Tell us about some of your upcoming or current projects. We are really busy in Remington with our Remington Row project. We are also really excited about some charter schools we are helping to build and the Parkway Theatre project in Station North.

Why did Seawall choose to sponsor the 2015 Neighborhood Institute? We love GHCC and the great work they do in this part of Baltimore and are honored to be a partner in anything they are doing.

As you may know, GHCC is changing our name to ‘Strong City Baltimore’… tell us what you think makes Baltimore a Strong City. Baltimore is strong because of the passionate people that make up this great city and their never give up attitude.

Many, many thanks to Thibault and the whole Seawall team for sponsoring the 2015 Neighborhood Institute at the Baltimore Design School back in April. If you would like to sponsor a Strong City Baltimore event, please contact Emma Simpson at or 410-261-3507.

2700 Hampden Avenue gets a makeover

Last weekend, over 20 neighbors on the 2700 block of Hampden Avenue in Remington came together for a community work day. The objective? To enhance curb appeal and strengthen the block where they live.

2700 Hampden Block Project

In less than two hours, this block was transformed into a lush and vibrant space where parents feel more comfortable letting their children play. We planted nine trees and installed new porch lights on five houses. In addition, eight homeowners will receive new stained glass address plaques, courtesy of Wholly Terra in Hampden.

Earlier this year, GHCC met with residents to determine their vision for what this block could look like. Once the desired improvements were decided on, GHCC staff applied for and received a grant of $2,500 from Healthy Neighborhoods to help bring the project to fruition (2700 Hampden residents are contributing an average of $50 apiece of their own funds).

We invite you to come check out the new and improved 2700 block of Hampden Avenue. It’s a great example of the kind of collaborative efforts that strengthen neighborhoods block by block to enhance the overall quality of life in Baltimore.

Race to win a Charm City Cake!

Saturday, May 11 –2nd Annual Day to Play featuring Race Thru Remington – 2pm-5pm – $15 – Held at Wyman Park. Amazing Race-style contest with great prizes from BMA/Charm City Cakes. Also includes food, drink, music, bike tour, kids activities, field games. Register online or pay at the door.

We’re getting really excited about our 2nd Annual Day to Play featuring the first ever Race Thru Remington this Saturday, May 11. It’s an Amazing Race-style game that challenges players to find hidden clues at the local restaurants, businesses, and residences that make the neighborhood of Remington a Baltimore gem!


After about six months of preparation, sussing out the best locations, and generating a list of clues, we recruited a volunteer – Charles Village resident Erin Ewald – to do a test run of the race on her bike. Here are her thoughts.

Well, how was it?

I’m a big fan of scavenger hunts, so this was right up my alley. Of course we got lost a couple of times – but that’s part of the fun! It was great to pedal around Remington on a spring day and find little corners of the neighborhood that I didn’t know about before. Not to give away anything, but there are some really quirky streets to visit!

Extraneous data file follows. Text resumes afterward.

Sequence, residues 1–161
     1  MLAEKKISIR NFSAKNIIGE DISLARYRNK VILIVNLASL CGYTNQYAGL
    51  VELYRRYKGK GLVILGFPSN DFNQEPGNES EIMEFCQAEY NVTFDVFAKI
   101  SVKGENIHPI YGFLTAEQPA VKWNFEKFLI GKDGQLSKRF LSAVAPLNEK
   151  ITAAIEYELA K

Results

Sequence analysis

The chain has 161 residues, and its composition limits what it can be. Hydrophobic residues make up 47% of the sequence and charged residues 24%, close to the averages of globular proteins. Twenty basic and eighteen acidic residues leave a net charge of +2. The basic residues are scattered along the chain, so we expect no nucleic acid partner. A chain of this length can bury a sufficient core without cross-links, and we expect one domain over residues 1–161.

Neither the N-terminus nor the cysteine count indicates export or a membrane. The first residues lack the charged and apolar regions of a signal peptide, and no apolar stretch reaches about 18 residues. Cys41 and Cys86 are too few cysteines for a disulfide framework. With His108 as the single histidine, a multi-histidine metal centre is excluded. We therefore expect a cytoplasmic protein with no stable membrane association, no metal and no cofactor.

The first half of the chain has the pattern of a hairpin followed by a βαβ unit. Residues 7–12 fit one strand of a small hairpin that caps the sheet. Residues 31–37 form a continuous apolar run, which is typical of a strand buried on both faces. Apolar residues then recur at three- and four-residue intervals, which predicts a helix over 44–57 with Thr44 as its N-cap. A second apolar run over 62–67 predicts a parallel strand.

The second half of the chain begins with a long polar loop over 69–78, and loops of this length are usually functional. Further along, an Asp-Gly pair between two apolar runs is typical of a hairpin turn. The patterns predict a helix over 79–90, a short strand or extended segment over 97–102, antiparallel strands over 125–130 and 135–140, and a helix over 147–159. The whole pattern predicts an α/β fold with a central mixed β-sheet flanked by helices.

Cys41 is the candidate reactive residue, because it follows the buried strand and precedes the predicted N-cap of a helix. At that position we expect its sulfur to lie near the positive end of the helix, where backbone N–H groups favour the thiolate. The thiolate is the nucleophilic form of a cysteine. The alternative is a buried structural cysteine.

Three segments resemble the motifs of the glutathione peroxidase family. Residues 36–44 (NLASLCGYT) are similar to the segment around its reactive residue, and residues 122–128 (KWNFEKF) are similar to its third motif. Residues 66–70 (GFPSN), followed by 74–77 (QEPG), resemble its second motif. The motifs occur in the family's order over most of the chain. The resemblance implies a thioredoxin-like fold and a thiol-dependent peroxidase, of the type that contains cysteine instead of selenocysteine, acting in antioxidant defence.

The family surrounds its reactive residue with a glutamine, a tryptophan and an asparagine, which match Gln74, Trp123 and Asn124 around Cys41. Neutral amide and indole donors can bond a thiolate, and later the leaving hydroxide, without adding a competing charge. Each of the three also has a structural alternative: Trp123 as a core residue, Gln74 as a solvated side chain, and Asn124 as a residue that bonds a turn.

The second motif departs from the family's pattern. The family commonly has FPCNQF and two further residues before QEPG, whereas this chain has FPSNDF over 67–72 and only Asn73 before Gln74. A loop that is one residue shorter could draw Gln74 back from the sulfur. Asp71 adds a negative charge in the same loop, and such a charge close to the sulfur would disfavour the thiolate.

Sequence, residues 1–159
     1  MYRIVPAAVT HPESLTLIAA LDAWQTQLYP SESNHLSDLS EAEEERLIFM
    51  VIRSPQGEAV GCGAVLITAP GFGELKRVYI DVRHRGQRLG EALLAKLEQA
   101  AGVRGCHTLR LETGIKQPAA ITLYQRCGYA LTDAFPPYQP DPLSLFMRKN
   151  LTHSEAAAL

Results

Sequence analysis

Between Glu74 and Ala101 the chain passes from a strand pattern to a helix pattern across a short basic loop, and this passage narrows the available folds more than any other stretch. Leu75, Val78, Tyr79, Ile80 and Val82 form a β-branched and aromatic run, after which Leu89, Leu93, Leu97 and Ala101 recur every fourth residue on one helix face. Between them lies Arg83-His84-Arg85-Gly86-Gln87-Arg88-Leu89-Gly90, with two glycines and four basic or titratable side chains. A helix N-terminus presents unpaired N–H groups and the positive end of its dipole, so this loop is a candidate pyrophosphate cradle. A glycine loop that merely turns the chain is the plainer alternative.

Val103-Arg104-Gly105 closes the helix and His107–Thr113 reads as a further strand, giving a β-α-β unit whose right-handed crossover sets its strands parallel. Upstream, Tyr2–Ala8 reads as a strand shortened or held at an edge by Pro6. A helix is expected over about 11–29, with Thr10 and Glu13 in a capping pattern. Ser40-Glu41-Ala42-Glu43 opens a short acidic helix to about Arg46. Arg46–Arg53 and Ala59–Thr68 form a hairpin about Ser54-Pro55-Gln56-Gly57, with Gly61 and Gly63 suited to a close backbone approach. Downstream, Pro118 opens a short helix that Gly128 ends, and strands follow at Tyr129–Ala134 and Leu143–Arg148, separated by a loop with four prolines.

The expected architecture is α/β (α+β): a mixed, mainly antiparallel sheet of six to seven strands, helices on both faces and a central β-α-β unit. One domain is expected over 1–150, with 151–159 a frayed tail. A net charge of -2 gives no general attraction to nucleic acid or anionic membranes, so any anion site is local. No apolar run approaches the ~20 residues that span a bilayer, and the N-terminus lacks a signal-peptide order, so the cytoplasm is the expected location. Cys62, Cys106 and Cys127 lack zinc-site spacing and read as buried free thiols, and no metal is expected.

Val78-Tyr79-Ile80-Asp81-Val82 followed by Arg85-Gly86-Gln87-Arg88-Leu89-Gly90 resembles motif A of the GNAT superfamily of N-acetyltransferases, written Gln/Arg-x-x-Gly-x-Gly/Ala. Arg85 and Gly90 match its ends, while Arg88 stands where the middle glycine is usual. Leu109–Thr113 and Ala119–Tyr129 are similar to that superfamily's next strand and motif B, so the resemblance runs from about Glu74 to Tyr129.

What should people expect when participating in the Race?

It’s basically a scavenger hunt around Remington that hits a lot of landmarks that are important to the community. You get clues, and then you have to find all the locations and complete a task once you find the spot. It’s a good way to get a little more familiar with the neighborhood – you’ll do some circling and backtracking, but by the end you will probably know Remington better than most!


Without giving anything away, could you tell us something new you learned about the neighborhood?

My favorite place we visited was an eclectic little street that was full of decorations and plants and inspirational quotes… and velvet Jesus YOLO artwork. It’s really cool to find little mini-communities like this one inside the larger neighborhood.

Any last minute “insider” tips?

Ride your bike! The race takes you to lots of places, and it’s much easier to pedal around the neighborhood than to walk.

If you’re interested in volunteering for the Race (there’s free beer from Peabody Heights Brewery involved if you are), send an email to

Healthy Neighborhoods Featured Home – 2717 Atkinson

With plenty of natural light, 2717 Atkinson St is a gardener’s dream and it has been recently reduced by $10k! Located in Remington, 2717 Atkinson is convenient to public transportation, services in Hampden, and a variety of public and private schools.

This 3 bedroom/1 bath home is 1,232 square-foot home is currently listed for $139,450 and, because it’s located on a Healthy Neighborhoods Target Block.

For more information about this unique row house complete with new carpets and renovated kitchen, check out its MLS Listing.

Interested in how the Healthy Neighborhoods program can help you become a homeowner or get the delightful urban home of your dreams? Contact Andre Stone (click to email or call 410-261-3511) for the full details. Andre can talk to you on the phone, send you more information about how to apply for a Healthy Neighborhoods grant or loan, or even set up a meeting with you to discuss your options.